Chapter on Machine Learning in Quantum Chemistry in a Tutorial Way

My book chapter shows in a tutorial way how to use machine learning to assist quantum chemistry research.

The chapter – available for free download till November 6 – is a part of the book edited by Kenneth Ruud and Erkki J. Brändas. It collects a dozen of contributions to the 10th Triennial Congress of the International Society for Theoretical Chemical Physics (ISTCP-X). This was a huge congress with 500+ participants. It was held in pre-COVID-19 times in Tromsø, Norway, where the sun never set below the horizon at that time of the year. The team of the organizers led by Kenneth Ruud did really amazing job to bring together forefront science in chemical physics. We with Alan Aspuru-Guzik had a pleasure and honor to organize a session on Machine Learning and Data-Driven Approaches in Chemical Physics. This was also my last conference in Europe – who knows when I will be able to attend next meeting there?

Since then I have joined Xiamen University. I quickly was posed with a question: how to teach undergraduates the brief introduction to machine learning in quantum chemistry in an easily comprehensible way? I also wanted to give the students hands-on experience with ML. This shaped my approach to writing the chapter. Instead of giving dry account of published research, the chapter goes from simple to more advanced examples, all of which could be simulated on a computer by students.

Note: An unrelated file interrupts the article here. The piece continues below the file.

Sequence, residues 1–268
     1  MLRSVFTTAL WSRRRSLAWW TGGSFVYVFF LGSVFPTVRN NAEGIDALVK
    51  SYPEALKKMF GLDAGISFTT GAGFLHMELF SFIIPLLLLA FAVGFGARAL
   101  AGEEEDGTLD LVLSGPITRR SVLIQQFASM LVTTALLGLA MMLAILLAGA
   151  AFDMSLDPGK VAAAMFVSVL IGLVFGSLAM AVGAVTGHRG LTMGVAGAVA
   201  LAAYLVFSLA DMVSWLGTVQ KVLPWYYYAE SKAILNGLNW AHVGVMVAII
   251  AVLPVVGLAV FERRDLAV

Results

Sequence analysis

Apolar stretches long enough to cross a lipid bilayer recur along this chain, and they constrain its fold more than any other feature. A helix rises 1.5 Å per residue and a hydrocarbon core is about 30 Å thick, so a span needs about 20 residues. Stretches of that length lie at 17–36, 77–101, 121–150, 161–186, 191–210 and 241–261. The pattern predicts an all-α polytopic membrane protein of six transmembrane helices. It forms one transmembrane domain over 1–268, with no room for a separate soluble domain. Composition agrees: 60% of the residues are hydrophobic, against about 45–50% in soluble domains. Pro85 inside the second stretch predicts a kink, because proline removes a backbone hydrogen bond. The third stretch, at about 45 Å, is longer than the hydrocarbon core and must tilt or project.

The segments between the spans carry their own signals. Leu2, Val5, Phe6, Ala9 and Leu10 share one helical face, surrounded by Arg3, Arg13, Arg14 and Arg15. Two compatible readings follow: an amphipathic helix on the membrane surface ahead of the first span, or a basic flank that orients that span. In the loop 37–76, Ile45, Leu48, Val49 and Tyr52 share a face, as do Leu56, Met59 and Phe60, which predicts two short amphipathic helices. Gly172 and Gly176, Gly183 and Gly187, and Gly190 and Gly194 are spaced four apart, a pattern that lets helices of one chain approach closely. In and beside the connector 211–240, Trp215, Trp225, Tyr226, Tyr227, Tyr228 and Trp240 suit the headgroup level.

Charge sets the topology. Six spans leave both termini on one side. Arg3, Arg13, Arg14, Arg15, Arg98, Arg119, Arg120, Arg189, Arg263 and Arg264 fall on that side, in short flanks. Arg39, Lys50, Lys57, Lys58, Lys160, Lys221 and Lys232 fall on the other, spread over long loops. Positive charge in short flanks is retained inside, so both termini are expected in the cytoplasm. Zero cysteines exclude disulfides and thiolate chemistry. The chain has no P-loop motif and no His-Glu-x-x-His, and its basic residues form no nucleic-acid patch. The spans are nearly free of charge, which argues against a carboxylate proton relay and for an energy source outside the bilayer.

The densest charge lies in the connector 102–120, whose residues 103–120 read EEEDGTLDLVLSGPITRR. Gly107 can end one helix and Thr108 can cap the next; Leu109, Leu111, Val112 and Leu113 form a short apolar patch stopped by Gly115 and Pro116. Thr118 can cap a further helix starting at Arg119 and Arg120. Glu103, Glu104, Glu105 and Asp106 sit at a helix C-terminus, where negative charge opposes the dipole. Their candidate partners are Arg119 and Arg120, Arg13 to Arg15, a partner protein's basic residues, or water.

It starts with describing general aspects of ML, gives simple mathematical description of a specific algorithm – kernel ridge regression. First simulation examples highlight pitfalls of ML such as overfitting and underfitting, whose origins explained based on simple mathematical considerations, and shows how these problems can be avoided. It follows by demonstrating the power of Δ-ML and discusses semiempirical parameter learning. Later it shows how to describe molecular potential energy surfaces with spectroscopic accuracy using ML and structure-based sampling – the students can reproduce published numbers. The chapter concludes with discussing aspects of ML applied to nonadiabatic excited-state dynamics, demonstrating for example that inclusion of critical points into the training set allows to describe even very narrow nonadiabatic couplings.

Detailed instructions on how to perform ML calculations for each example are given in an online tutorial. For this, I also prepared MLatom 1.1 release.

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